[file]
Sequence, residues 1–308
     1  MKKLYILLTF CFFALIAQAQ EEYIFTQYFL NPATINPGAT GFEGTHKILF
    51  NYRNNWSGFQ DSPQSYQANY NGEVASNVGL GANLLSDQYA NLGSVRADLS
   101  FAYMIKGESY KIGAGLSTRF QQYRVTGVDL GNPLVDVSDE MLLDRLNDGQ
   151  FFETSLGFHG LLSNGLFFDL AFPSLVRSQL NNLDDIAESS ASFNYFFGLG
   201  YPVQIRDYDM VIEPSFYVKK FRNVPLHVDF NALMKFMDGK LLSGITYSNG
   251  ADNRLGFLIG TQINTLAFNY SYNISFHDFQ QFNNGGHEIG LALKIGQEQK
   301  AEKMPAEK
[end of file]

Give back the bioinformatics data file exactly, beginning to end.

Sequence, residues 1–308
     1  MKKLYILLTF CFFALIAQAQ EEYIFTQYFL NPATINPGAT GFEGTHKILF
    51  NYRNNWSGFQ DSPQSYQANY NGEVASNVGL GANLLSDQYA NLGSVRADLS
   101  FAYMIKGESY KIGAGLSTRF QQYRVTGVDL GNPLVDVSDE MLLDRLNDGQ
   151  FFETSLGFHG LLSNGLFFDL AFPSLVRSQL NNLDDIAESS ASFNYFFGLG
   201  YPVQIRDYDM VIEPSFYVKK FRNVPLHVDF NALMKFMDGK LLSGITYSNG
   251  ADNRLGFLIG TQINTLAFNY SYNISFHDFQ QFNNGGHEIG LALKIGQEQK
   301  AEKMPAEK